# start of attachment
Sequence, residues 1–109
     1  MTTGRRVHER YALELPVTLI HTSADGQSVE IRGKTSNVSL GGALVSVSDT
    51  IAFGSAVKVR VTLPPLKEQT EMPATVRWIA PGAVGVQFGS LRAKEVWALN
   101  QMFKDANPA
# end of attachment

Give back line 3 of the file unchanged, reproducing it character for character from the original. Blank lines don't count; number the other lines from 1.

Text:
    51  IAFGSAVKVR VTLPPLKEQT EMPATVRWIA PGAVGVQFGS LRAKEVWALN